At first glance, it seems like classic Silicon Valley hubris. In the summer of 2017, two entrepreneurs raised $3.3 million for a “moving hotel” startup called Cabin that transports passengers between San Francisco and L.A. overnight.
Outside the Valley, people might refer to a similar disruptive innovation as–a bus.
An expensive one at that. Rides cost $85 to $115 each way. Hour-long flights between the two cities typically cost less.
But according to one of Cabin’s investors, the company signals a new way of thinking about getting from point A to point B–one that ties directly into the incoming wave of autonomous vehicles. While some look at Cabin and see a sleeper bus, Ann Miura-Ko, cofounder and partner of the venture capital firm Floodgate, sees the future of transportation.
Miura-Ko has a keen interest in the transportation industry. She founded Floodgate in 2008 and was one of the earliest investors in Lyft. When she made an investment in 2010, the company was still called Zimride and was focused on ride-sharing at universities. Today it has an $11 billion valuation and operates in more than 360 cities.
With Cabin, she has a similarly long-term vision. When people no longer need to focus their attention on driving in a car, they’re free to do a host of other things. The way cars are designed right now, the options for spending your time in the backseat are limited, mostly to what you can do on a screen (while in the driver’s seat, screens can be very distracting). But for Miura-Ko, that’s thinking too small. She envisions a transportation network where autonomous vehicles are specialized to enable certain experiences.
“They’re not just a bus in which people sleep to go from Santa Monica to San Francisco,” she says. “It is literally a hotel on wheels. There’s a lounge space, there are attendants, it is hospitality on wheels. If you can imagine, it could become a restaurant, a cafe, or a bar on wheels. My belief is that this is just the first iteration of that.”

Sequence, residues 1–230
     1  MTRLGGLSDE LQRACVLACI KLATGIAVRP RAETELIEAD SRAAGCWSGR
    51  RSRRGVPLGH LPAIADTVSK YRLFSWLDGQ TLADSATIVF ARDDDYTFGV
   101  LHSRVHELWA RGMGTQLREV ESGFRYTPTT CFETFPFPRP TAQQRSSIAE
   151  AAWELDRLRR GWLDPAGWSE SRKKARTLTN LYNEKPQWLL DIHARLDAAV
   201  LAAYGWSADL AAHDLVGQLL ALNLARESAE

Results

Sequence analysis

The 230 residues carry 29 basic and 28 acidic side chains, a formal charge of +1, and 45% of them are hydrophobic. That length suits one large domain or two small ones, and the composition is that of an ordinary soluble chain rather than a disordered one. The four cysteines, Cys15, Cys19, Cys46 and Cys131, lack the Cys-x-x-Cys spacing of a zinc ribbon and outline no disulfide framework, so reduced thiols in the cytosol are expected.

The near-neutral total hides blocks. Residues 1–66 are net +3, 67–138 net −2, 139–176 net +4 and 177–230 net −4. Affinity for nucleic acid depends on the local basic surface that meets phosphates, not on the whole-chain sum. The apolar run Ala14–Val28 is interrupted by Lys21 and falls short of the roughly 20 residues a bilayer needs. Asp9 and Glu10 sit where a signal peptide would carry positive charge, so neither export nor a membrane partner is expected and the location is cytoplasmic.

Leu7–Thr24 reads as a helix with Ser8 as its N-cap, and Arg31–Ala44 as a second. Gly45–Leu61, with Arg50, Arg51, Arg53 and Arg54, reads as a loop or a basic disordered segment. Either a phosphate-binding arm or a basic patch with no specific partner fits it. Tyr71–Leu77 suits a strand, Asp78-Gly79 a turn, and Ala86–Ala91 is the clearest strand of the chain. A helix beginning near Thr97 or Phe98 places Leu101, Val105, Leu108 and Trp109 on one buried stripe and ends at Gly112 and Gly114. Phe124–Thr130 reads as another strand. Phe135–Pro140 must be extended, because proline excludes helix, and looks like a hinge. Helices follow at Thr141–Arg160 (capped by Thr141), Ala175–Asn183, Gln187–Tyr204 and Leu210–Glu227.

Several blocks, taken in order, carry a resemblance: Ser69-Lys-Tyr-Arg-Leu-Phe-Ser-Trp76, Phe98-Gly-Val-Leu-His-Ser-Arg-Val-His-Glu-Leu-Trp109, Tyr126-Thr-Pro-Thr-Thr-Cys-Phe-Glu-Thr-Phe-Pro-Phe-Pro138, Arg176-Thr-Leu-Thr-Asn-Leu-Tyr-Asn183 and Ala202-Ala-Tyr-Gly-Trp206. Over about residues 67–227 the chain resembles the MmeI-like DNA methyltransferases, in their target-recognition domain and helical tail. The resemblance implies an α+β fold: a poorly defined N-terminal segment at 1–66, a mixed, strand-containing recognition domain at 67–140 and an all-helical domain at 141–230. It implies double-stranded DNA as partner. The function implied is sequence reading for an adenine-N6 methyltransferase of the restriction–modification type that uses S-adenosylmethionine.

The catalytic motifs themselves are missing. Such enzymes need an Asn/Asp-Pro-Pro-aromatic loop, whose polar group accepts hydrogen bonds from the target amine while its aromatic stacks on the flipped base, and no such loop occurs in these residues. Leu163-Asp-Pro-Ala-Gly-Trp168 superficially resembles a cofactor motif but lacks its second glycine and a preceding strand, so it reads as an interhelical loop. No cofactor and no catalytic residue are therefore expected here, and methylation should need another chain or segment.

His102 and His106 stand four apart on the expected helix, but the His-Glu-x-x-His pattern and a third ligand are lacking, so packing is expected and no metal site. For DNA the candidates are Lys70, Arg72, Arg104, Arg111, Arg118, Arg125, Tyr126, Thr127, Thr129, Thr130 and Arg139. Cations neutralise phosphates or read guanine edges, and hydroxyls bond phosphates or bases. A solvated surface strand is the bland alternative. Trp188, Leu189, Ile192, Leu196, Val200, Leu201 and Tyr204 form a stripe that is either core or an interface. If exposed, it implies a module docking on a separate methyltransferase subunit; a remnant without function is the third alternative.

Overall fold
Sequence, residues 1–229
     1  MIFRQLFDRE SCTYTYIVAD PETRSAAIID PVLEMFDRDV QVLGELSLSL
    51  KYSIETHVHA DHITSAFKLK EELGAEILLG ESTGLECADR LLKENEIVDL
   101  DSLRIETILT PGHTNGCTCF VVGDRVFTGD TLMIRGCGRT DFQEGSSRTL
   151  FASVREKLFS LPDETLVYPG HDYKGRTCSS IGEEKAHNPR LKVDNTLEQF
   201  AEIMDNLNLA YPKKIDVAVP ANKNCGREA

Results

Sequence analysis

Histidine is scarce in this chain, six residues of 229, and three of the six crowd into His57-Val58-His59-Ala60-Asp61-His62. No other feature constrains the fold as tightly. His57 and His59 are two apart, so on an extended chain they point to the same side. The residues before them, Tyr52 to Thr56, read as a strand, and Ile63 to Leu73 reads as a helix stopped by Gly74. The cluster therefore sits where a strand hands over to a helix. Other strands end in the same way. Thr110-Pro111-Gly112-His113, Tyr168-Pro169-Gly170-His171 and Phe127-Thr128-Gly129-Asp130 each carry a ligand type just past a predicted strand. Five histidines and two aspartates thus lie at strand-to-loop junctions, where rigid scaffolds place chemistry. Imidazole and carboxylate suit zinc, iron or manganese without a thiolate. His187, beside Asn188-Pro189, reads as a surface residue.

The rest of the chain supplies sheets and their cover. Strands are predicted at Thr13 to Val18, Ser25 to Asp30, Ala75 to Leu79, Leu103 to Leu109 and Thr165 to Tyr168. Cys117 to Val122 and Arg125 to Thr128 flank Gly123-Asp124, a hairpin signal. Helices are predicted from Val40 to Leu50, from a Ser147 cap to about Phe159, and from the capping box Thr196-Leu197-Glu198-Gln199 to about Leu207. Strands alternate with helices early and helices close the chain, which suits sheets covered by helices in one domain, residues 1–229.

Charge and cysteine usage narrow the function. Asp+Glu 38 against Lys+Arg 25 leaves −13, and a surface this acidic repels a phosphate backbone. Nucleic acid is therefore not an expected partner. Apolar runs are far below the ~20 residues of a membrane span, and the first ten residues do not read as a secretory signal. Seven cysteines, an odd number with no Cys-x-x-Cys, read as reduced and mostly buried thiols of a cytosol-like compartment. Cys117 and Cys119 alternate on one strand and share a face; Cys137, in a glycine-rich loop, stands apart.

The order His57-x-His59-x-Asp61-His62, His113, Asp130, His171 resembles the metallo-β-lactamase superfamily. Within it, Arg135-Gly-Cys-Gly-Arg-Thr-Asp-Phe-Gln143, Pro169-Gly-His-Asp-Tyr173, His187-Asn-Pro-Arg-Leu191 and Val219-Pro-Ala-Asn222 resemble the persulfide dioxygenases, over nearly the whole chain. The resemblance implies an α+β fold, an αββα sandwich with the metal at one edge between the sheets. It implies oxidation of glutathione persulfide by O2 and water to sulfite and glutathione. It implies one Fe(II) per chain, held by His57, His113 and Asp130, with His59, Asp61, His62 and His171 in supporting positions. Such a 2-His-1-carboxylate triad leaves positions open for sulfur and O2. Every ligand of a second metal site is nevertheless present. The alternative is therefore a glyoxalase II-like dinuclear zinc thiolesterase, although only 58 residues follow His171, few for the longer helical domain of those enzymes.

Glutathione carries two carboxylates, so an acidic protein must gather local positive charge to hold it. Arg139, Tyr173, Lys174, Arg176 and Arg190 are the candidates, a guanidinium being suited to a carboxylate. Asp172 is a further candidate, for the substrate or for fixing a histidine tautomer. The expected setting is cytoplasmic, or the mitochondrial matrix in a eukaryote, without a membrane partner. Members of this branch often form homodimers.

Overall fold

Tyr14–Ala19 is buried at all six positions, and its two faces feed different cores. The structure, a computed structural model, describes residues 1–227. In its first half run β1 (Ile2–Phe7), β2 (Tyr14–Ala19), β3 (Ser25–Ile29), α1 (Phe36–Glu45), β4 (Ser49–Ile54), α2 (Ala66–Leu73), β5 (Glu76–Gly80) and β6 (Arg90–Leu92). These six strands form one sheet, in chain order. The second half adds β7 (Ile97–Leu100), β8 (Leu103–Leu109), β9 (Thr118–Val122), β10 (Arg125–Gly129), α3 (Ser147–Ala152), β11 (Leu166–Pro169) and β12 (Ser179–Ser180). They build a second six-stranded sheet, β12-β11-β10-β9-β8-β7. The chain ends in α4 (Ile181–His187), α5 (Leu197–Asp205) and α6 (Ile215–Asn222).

To be clear, Cabin is a crude first iteration of that. The company purports to offer a luxury hotel experience, but it has not won universal appraise. One reviewer compared it to a hostel; another likened the private sleeping pods on board to coffins. The company’s buses also are not autonomous.
But there’s a bigger idea at play. Miura-Ko envisions an ecosystem of on-demand vehicles with various things on offer. “You think of all these storefronts you see around you–nail salons, hair salons, gyms,” she says. “All these experiences can be done on your way to something. You can get your hair done on the way to the theater. Instead of going to work an hour early so you can work out at the gym, you work out on the way to work.”
For Miura-Ko, it’s a significant business opportunity–and it’s not just limited to getting more done on your commute. “If I forgot to buy a gallon of milk, I can call upon a vehicle that goes from the farmer who grows apples, and [it can] deliver apples to me directly. You can have a direct relationship with the person who is making,” she says.
The key here is the intersection of autonomous vehicles and a ride-sharing network–neither of which Cabin is offering. But that doesn’t concern Miura-Ko, who says that it took Lyft two and a half years after she invested to refine its product. Cabin’s CEO Tom Currier tells Co.Design via email that the company is thinking about how autonomous vehicles will impact transportation, though he did not specify whether the startup plans to invest in autonomous cars.
The kind of shift Miura-Ko is thinking about will only come to fruition once self-driving cars become ubiquitous, which could take decades. (Still, they’re coming: One report from BI Intelligence claims that 10 million autonomous vehicles will be on the road by 2020.) It’s a problem Lyft already appears to be thinking about. The company has announced partnerships with Alphabet’s autonomous vehicle company Waymo and the more traditional automakers General Motors and Ford, all of which are working on building self-driving cars that could then become part of a broader autonomous ride-sharing network.
Cabin might seem silly, but the larger conceit–making the insides of our vehicles do more for us–has a compelling logic. Twenty years from now, we might all be napping in coffins on our way into the office.